Catholic Culture Solidarity
Catholic Culture Solidarity

'Father Benedict' sheds some insight on his resignation

By Phil Lawler ( bio - articles - email ) | Dec 12, 2014

If it is accurate--and I have no reason to doubt that it is-- the report that Benedict XVI wanted to be known as “Father Benedict” after his resignation is strange and illuminating. Why? Because today he is not known as Father Benedict.

Even before Pope Benedict stepped down, the Vatican announced that he would be known as “Pope-emeritus.” Why didn’t the outgoing Pontiff get his own way? The Vatican is not a democracy; the Pope sets the rules. Yet in this case the Pope permitted others to overrule him.

This is not a case in which the Pope was persuaded to bow to established precedents; there were no precedents to follow.

According to the German journalist Jorg Bremer, the former Pontiff now recalls that he wanted to be addressed as Father Benedict, but “I was too weak at that point to enforce it.”

Notice the words: “at that point.” When Pope Benedict announced his resignation, most observers agreed that his health was poor. There were stories about spikes in his blood pressure, warnings from his doctor, dangerous stumbles and one serious fall. Visitors reported that he was visibly exhausted by long meetings. In a  surprise announcement the frail Pope explained:

After having repeatedly examined my conscience before God, I have come to the certainty that my strengths, due to an advanced age, are no longer suited to an adequate exercise of the Petrine ministry.

Many journalists concluded at the time that Pope Benedict was near death. But nearly two full years later he remains active and alert; if anything, he looks healthier than he did when he resigned. Relieved of the burdens of the papacy, he has made at least a partial recovery.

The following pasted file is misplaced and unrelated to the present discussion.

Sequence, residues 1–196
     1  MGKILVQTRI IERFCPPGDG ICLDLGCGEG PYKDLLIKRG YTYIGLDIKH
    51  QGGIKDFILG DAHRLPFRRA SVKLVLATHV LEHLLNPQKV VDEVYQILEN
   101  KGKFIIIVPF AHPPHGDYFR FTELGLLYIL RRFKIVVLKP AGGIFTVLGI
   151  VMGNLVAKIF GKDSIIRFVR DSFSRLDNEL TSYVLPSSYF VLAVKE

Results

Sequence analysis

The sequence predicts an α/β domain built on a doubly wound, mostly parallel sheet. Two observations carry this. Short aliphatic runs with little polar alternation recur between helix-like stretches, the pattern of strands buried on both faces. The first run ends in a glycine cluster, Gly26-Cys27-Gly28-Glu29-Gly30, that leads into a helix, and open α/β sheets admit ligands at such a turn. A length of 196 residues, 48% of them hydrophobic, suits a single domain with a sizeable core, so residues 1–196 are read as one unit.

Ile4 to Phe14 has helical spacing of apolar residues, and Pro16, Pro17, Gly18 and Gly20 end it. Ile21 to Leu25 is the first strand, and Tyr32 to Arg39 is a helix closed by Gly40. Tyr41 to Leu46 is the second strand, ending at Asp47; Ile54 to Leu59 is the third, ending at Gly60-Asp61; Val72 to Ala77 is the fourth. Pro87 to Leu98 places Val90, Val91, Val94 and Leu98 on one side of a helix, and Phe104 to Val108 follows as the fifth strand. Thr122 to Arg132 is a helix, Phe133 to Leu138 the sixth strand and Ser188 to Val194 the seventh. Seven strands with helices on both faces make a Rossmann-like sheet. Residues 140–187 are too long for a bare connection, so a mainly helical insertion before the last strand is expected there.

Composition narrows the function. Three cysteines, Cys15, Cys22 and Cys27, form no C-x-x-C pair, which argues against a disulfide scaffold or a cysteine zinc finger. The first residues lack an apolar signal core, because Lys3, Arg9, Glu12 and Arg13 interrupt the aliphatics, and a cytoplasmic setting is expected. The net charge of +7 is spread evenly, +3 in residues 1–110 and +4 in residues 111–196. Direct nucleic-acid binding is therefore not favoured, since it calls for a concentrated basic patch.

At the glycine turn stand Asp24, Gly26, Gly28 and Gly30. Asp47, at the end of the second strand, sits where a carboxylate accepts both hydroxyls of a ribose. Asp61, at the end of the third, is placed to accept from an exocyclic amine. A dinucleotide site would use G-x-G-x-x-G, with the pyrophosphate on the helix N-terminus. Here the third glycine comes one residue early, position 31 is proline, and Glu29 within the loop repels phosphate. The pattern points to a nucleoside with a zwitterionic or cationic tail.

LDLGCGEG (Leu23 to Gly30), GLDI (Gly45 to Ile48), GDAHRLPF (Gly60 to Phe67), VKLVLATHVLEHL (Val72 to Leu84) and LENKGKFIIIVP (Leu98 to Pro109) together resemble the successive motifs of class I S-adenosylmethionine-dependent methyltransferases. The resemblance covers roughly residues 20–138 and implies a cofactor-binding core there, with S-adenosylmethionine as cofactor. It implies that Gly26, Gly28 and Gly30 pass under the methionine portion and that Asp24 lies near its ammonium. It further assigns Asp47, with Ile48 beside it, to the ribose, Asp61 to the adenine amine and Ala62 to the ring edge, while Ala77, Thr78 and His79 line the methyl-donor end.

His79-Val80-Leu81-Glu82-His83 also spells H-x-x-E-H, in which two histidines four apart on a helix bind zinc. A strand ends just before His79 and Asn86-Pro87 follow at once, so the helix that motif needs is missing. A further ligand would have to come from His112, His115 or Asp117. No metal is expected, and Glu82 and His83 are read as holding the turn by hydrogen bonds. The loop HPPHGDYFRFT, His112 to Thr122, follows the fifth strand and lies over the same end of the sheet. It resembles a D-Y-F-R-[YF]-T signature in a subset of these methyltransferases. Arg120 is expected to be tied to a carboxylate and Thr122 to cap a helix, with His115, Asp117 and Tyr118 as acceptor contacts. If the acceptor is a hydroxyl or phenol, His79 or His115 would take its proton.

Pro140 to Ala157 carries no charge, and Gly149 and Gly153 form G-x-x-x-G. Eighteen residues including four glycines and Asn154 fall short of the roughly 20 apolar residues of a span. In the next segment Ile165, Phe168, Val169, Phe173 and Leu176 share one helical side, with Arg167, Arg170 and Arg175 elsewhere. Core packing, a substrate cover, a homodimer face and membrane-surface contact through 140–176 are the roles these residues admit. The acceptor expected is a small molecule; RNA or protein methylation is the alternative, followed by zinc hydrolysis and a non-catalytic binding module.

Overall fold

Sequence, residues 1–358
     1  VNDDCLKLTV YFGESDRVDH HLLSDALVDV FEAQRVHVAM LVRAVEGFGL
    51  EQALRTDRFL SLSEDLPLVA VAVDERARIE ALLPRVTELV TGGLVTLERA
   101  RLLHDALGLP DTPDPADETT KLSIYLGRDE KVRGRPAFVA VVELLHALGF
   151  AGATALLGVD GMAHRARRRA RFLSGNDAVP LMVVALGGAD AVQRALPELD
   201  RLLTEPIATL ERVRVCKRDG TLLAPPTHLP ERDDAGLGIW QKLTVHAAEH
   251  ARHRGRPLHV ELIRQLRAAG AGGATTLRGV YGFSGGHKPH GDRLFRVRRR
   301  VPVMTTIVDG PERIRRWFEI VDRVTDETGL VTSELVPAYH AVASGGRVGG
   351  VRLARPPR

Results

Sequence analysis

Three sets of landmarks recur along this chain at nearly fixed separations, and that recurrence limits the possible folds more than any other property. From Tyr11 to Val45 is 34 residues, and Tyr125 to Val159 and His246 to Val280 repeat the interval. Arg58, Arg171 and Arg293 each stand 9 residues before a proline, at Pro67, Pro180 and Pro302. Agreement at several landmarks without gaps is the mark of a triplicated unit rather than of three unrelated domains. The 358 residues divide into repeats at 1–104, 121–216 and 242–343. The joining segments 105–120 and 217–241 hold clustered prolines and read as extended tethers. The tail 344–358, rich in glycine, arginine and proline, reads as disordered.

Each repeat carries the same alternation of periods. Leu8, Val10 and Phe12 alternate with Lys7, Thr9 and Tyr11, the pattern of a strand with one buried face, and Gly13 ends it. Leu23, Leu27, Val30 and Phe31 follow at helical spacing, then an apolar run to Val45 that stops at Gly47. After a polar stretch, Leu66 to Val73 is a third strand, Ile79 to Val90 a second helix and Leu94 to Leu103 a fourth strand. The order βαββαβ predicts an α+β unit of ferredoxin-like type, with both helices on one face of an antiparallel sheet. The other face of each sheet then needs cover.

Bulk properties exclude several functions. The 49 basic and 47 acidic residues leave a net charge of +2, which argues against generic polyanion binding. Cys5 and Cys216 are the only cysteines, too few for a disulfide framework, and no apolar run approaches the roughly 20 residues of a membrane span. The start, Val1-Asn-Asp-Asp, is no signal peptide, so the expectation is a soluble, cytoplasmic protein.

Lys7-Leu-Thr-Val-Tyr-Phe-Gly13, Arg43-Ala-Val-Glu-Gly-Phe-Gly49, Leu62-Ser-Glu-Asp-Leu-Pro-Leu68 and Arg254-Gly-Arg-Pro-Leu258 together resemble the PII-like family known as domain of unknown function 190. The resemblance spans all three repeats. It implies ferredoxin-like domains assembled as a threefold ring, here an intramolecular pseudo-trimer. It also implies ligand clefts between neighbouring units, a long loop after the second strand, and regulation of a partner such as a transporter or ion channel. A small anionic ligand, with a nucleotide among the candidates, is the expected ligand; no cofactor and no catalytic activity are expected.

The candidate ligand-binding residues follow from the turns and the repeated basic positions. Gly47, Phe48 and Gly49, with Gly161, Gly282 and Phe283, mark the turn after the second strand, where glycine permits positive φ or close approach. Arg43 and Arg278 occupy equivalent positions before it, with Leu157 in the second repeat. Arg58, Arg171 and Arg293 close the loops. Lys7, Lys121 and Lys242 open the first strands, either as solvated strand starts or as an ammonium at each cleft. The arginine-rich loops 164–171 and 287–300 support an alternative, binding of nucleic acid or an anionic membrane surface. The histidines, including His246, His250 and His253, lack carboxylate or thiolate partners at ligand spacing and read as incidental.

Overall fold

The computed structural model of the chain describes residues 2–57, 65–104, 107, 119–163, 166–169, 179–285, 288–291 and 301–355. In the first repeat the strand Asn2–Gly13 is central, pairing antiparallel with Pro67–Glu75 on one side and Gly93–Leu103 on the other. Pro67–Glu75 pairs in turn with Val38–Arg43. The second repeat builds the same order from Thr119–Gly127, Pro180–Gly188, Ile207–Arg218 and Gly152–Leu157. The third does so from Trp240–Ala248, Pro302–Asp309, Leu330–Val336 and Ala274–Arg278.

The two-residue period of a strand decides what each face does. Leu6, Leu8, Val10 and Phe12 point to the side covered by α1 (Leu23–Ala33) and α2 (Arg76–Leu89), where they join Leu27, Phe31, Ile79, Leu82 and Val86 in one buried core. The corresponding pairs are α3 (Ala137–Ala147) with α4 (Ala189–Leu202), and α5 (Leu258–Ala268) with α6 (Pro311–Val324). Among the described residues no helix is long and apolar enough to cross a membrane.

But now, in retrospect, we can see the reasoning that lay behind the Pope’s decision to resign. If he felt too weak to enforce his decision on a matter as simple as what he should be called, what decisions could he have enforced? By the end of his term, Pope Benedict surely saw the need for thorough reforms at the Vatican; he knew that he lacked the energy to lead them.

If he had been fully confident in his subordinates, Pope Benedict might have stayed in office, cutting back his own schedule and delegating more decisions. But as I commented at the time, his resignation seemed a clear indication that he did not have that level of confidence in the Vatican bureaucracy. “For the welfare of the Church, he could not allow the Roman Curia to act on his behalf.”

Phil Lawler has been a Catholic journalist for more than 30 years. He has edited several Catholic magazines and written eight books. Founder of Catholic World News, he is the news director and lead analyst at See full bio.

Sound Off! supporters weigh in.

All comments are moderated. To lighten our editing burden, only current donors are allowed to Sound Off. If you are a current donor, log in to see the comment form; otherwise please support our work, and Sound Off!

  • Posted by: bruno.cicconi7491 - Dec. 15, 2014 4:19 PM ET USA

    It seems to me that Pope Benedict was a 'suffering servant'.

  • Posted by: jlw5094538 - Dec. 12, 2014 6:59 PM ET USA

    More than rumblings about the Synod, the Burke re-assignment, the Vatican decision to publish the Scalfari "interviews," etc. -- this was the one bit of recent Rome news that truly took me aback. Was +Benedict so feeble, so depleted, that he couldn't even insist upon his own preferred form of address? Oy - it makes him sound helpless in the hands of an unnamed cabal which easily thwarted him in matters large and small. That sends a shiver through me. Is the Curia a pack of wolves and bullies?